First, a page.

Party Like It’s 1984

November 8th, 2011

During oral arguments in Jones v. United States, there were quite a few references to Orwell’s 1984 (no V for Vendetta Guy Fawkes masks came out during arguments, though):

Justice Breyer: So if you win, you suddenly produce what sounds like 1984 from their brief. I understand they have an interest in perhaps dramatizing that, but — but maybe overly. But it still sounds like it.

MR. DREEBEN: I think — all right. Justice Breyer, two things on that. First of all, I think the line-drawing problems that the Court would create for itself would be intolerable, and better that the Court should address the so-called 1984 scenarios if they come to pass rather than using this case as a vehicle for doing so.

MR. DREEBEN: As in most reasonable suspicion cases, it’s the police at the front end and it’s the courts at the back end if there are motions to suppress evidence. But fundamentally, just as in the pen register example and in the financial records example, if this Court concludes, consistent with its earlier cases, that this is not a search yet all Americans find it to be an omen of 1984, Congress would stand ready to provide appropriate protection.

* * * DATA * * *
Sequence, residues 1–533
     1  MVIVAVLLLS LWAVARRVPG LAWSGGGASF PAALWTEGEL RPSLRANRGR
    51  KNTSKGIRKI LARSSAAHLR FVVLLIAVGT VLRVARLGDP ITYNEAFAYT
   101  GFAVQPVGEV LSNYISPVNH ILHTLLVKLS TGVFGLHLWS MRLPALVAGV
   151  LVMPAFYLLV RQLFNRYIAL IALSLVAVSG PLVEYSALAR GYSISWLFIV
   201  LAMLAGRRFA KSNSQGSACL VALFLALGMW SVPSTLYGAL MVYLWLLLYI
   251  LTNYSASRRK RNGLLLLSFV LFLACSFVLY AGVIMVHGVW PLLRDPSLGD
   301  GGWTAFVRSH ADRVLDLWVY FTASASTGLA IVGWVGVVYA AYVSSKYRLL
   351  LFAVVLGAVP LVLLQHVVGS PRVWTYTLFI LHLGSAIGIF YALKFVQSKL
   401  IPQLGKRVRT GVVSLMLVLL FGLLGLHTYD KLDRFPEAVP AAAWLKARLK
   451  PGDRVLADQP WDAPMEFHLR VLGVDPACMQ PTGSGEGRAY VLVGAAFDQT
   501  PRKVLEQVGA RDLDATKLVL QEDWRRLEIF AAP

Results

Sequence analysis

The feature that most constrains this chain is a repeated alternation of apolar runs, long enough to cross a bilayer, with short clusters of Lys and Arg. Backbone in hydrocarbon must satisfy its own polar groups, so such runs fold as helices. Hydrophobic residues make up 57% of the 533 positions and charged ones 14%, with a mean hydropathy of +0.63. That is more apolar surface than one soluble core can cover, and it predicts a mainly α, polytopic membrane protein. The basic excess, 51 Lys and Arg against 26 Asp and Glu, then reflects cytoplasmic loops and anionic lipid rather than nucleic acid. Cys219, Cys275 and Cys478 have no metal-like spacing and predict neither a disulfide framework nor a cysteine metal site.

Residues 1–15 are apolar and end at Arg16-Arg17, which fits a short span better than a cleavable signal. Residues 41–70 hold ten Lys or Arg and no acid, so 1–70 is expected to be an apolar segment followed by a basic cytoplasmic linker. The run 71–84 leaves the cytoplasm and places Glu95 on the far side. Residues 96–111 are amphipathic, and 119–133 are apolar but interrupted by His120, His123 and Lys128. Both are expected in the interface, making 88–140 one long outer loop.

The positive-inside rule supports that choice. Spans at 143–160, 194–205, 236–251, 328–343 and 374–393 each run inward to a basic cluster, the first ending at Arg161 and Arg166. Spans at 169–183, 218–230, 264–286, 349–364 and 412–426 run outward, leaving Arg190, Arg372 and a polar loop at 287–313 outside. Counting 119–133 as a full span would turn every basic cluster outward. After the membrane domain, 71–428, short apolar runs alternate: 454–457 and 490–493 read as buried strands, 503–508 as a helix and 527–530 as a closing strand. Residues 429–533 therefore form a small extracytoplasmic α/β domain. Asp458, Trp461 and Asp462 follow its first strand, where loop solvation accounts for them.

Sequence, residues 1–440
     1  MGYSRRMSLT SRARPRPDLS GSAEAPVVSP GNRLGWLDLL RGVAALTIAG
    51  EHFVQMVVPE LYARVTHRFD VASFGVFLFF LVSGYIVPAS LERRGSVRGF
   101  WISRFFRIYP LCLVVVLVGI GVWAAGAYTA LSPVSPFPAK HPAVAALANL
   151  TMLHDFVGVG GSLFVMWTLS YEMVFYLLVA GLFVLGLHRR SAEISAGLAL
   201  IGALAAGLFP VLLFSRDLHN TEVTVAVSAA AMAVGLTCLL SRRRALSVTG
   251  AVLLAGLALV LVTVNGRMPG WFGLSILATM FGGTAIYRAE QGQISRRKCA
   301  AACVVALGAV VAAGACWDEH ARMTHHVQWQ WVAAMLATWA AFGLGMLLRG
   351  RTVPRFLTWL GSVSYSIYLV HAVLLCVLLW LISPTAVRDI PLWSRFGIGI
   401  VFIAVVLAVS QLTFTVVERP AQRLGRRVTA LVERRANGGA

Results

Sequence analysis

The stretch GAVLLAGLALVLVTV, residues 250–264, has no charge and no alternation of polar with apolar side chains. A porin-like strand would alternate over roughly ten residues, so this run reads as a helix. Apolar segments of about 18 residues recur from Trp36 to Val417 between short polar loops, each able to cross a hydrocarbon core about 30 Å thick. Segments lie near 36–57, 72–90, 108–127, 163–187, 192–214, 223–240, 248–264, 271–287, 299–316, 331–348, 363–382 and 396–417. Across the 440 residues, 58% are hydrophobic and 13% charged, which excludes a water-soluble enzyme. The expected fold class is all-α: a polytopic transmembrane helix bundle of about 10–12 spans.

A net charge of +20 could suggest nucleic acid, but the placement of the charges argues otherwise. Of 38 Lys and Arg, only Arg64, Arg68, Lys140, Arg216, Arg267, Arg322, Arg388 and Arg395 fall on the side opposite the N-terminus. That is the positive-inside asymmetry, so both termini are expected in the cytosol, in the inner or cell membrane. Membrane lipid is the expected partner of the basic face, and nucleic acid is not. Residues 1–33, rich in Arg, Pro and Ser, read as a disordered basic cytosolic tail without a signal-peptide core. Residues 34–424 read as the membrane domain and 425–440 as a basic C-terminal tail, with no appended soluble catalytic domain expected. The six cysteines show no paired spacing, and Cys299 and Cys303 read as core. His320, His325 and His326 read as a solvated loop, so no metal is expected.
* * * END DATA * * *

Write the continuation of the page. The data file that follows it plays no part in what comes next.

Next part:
Justice Breyer: They’re willing to go as far as reasonable suspicion in a pinch. And they say at least with that Alderson Reporting you will avoid the 1984 scenario and you will in fact allow the police to do their work with doing no more than subjecting the person to really good knowledge of where he is going on the open highway. They probably put it better than I did, but I’d appreciate your views on that.

JUSTICE KENNEDY: I’m fully aware of the 1984 ministry of love, ministry of — of peace problem. But this — your argument it seems to me has no principled distinction from the case that I put.

Mr. Dreeben: At the same time, technology and how it’s used can change our expectations of privacy in the ways that Justice Alito was alluding to. Today perhaps GPS can be portrayed as a 1984-type invasion, but as people use GPS in their lives and for other purposes, our expectations of privacy surrounding our location may also change.